The loss was all the more unexpected because, as his daughter Heather Exby told The Watch, Dickinson was “so alive. We didn’t see him as old. He was always excited about the next thing.”
Dickinson was a medical pioneer, a surgeon who came to small-town Montrose and, along with a handful of other doctors, including pathologist Dr. Thomas Canfield and internist Dr. Tom Chamberlain, formed the nucleus of superb health care at Montrose Memorial Hospital. Beyond medicine, Dickinson strove from the beginning of his time here to nurture and improve community. He was a 30-year Rotary Club stalwart. He helped establish the Montrose Community Fund and the Academic Booster Club. Even after retirement, he continued to recruit and educate new doctors and sat on the board of Rocky Mountain Health Plans. He wrote a regular newspaper column. He loved to ski and put together, Exby said, “a group of skiing docs” who volunteered with the Telluride Ski Patrol, to both improve medical care on the mountain and “get their skiing in.”
Preternaturally energetic and engaged, with a toothy smile and an ear for everyone, Dickinson was a mover in the group that started the community forums at Heidi’s Deli every Wednesday morning. “He would come home excited about what that week’s speaker had to say,” Exby said, “and then he and his friends would get excited again discussing who the next speaker and topic would be.”
Most recently, Dickinson started a group he called Civil Society to bring together in a social setting people with different perspectives, to “get people together to disagree but not be disagreeable,” said long-time friend Jim Austin.
He wanted people to focus on the issues that could improve a community rather than on the personalities that often seemed to divide it.
“He went way too soon,” said daughter Exby. “He had so much more to do.”
Dickinson grew up in Champaign and Evanston, Ill., where his father was a university professor. He got his M.D. at Washington University in St. Louis. “But he always wanted to live in the West,” Exby said. So he interned in British Columbia, where he met and married Tricia. They moved to Denver, where Ted became chief resident at the University of Colorado Medical Center.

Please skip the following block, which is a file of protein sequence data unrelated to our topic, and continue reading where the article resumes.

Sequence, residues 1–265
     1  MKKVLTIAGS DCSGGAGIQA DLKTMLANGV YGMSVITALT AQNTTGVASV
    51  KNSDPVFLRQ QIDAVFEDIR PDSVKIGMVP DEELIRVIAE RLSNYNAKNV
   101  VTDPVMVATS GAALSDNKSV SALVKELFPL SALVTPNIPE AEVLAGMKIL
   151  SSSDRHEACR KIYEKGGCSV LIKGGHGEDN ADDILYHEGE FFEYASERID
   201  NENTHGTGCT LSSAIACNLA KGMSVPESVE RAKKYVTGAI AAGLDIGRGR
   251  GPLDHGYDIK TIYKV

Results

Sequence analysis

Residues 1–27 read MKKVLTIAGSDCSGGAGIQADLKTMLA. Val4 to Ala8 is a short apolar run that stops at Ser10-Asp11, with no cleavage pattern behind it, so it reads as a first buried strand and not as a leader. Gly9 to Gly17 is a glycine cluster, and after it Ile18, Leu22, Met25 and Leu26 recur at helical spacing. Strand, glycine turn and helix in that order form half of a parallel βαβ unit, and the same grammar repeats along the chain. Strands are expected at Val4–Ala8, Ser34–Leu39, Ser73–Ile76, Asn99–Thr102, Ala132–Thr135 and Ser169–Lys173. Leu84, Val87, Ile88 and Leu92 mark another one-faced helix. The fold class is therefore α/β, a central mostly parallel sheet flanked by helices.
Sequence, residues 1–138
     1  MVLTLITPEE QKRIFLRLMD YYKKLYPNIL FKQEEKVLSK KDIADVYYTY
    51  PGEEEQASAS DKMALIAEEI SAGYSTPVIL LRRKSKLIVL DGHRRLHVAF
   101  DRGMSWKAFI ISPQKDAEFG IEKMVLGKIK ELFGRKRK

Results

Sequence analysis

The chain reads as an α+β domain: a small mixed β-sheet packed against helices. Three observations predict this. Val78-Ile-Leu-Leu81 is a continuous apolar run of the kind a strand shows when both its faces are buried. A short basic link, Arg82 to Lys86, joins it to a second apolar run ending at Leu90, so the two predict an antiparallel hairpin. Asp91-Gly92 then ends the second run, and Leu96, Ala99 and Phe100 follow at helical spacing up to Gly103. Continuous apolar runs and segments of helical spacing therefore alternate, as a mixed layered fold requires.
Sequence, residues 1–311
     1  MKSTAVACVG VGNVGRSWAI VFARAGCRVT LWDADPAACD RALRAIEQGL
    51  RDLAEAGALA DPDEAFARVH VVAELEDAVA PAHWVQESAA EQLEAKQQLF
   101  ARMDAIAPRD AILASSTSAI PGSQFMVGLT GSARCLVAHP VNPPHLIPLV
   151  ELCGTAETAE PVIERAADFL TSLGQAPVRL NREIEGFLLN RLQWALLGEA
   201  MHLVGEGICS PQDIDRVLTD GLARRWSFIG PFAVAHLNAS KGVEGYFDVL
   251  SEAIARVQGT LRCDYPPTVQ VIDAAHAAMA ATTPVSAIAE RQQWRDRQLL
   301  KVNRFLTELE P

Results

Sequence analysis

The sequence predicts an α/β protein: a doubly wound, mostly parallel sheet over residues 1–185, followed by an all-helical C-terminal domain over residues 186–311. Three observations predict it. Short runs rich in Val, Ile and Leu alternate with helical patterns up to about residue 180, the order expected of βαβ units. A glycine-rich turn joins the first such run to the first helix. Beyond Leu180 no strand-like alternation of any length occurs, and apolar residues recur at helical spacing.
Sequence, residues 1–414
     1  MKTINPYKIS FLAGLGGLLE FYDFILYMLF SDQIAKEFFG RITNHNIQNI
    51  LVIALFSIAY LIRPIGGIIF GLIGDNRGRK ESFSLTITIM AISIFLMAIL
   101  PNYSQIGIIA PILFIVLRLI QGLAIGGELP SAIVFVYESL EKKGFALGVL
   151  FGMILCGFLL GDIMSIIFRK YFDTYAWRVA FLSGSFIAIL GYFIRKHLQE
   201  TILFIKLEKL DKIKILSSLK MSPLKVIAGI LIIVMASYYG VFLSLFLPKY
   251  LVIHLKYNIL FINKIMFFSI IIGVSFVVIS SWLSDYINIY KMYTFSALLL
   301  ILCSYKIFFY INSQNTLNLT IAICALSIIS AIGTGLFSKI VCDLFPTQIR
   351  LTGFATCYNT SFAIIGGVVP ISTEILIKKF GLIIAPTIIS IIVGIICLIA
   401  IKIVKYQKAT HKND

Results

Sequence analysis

Soon after came the move to Montrose, to what Exby calls “small-town America, where we [three children] grew up safe, happy, loved. Our father believed a small number of people could make a huge difference in a community. He really did care. He wanted things to work better, to work together.”
Typical of Dickinson’s positive encouragement was this letter he wrote to the Montrose Daily Press last December 18. “If you have not been downtown in the evening to see the Christmas decorations, please make time to see them. The lights are wonderful, and the storefronts are particularly attractive. The courthouse tree is magnificent. It is worth the trip. While you are out and about, try the new roundabout on Woodgate Road. It looks great and works even better. What a good solution to a chronic traffic problem. Well done. – TD”
Exby said that even though she knew her father had helped a great many people in the area, it is gratifying now to hear the stories. “Every time we turn around, we find another community he touched,” she said. She also volunteered, for the record and for the comfort of others, including Tricia, that when her mother found Ted, “he had a beautiful expression on his face.”
Ted Dickinson is survived by his wife, Tricia Dickinson, by daughters Heather (Allen) Exby of Grand Junction, Jennie (Don) Tidwell of Littleton, Colo., Karen (Larry) Waldon of Manitou Springs, Colo., and by a sister, Cherry Fields of Loveland, Colo.
A public memorial will be held Saturday, Jan. 28 at 1 p.m. at the Montrose Pavilion.
Contact Peter Shelton at email@example.com.